Reverend Maya Landell holds fond memories noting, “Eastwood was my first church after I was ordained, I was settled there, meaning that the National Church matched me and my gifts to serve with the people of Eastwood and their gifts. Eastwood United Church let me be myself and find my way – trying, failing, and trying again.”  


In the church's final months, Wendy Colcuc recalls, “Rev. Maya telling us at one of the board meetings that the reality was that she didn't see any new children or new families coming to the church and so it seemed like the writing was on the wall a number of years before but maybe we just didn't want to face it at that time.”  


“One thing about Eastwood United Church…if I've heard it once I've heard it 1000 times is we were a standalone church. Our community in Eastwood had the little white church at the end of the road and no homes no private homes around or very few. Properties around our church did not belong to our church, and people who lived nearby did not come and see what was going on and most of the people were coming from away,” says Jacquie McLeod.  


This was the case for Reverend Maya Landell, who resided outside of the Eastwood community and served its sister church, Innerkip United Church.  


The lack of newcomers, combined with overburdened churchgoers, and dwindling financial resources ultimately led to its closure in November 2019.  


“We didn’t just mourn the loss of our church, but also our faith community, our family, and our identities,” says Karli Longthorne, a previous member and church pianist. “Over time, we have been able to reflect, grieve and heal from our loss. It's been three years since the closure of our church, and over time our grief has transformed into gratitude,” she says.  


“While the pews of our little white church remain vacant, our deep roots remain. They live in the spirits of our loved ones who have since passed, in the melody of songs that we sing to our children, and our children’s children, in our Sunday morning coffee chats, and in our lifelong friendships that remind us of what we loved most about Eastwood United Church,” says Karli Longthorne.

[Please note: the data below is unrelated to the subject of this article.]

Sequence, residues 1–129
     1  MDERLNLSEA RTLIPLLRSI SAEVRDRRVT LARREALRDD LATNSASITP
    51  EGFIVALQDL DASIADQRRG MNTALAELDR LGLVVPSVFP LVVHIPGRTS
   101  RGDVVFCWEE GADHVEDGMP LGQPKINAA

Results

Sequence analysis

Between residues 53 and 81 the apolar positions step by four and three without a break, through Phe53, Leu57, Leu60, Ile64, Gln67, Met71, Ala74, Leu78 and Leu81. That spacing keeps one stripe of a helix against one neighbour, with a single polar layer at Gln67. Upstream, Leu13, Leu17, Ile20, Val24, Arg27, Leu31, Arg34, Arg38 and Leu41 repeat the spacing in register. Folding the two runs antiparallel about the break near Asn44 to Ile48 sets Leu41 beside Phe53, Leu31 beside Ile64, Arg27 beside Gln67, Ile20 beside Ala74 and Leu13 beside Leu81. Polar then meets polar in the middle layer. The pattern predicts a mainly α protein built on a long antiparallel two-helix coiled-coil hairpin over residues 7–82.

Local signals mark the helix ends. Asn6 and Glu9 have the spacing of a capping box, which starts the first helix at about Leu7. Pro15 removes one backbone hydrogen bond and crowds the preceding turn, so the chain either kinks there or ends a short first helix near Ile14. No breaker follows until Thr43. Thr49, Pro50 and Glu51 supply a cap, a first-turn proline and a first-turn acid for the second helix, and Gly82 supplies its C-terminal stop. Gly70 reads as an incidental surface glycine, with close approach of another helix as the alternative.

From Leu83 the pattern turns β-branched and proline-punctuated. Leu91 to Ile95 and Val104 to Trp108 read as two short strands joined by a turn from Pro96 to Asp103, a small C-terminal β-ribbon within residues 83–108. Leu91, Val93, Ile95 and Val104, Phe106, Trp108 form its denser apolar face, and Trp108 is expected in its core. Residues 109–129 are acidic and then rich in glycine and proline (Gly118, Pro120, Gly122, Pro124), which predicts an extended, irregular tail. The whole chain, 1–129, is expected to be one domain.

“God did new things at Eastwood and will continue to do new things in each of your lives, stay grounded – keep following the soundtrack of your lives and the light that will never go out,” says Maya Landell.  

The story of Eastwood United Church continues. The old church building is now home to a new business called Wood Working Creations whose team specializes in crafting custom-made dining sets, coffee tables, end tables and console tables. Jacquie McLeod and Sylvia Longthorne, who welcomed the new business owner, say, “We couldn’t be happier to see the church building being used to create new life within our local community. In many ways, we feel that our story lives on—and are happy to know it is in the hands of a young entrepreneur.”  

Audio Transcript

Karli Longthorne: My name is Karli Longthorne and I'll be the facilitator today covering a very interesting story about the lives of some ladies who attended Eastwood United Church, a small rural United Church located in Eastwood ON that has since closed in November 24th, 2019. I was a member of this church since I was one and was the pianist there for six years. Today I'll be joined by four ladies who will be sharing a bit about what it was like attending a rural church and have a look into how the closure of their church impacted them and where they are now.

Karli Longthorne: Hello ladies thank you for joining me today. I would actually like to start by doing a few introductions for our audience so if you could tell us your name and a bit about your connection to Eastwood United church?

Jacquie McLeod: My name is Jacquie McLeod, and I am a transplanted westerner but I've been in southwest Ontario for 40 plus years, so I guess I'm sort of a little bit from this area. Eastwood church was part of my husband’s family home church and when we decided that we were going to start worshipping that is the church we settled into.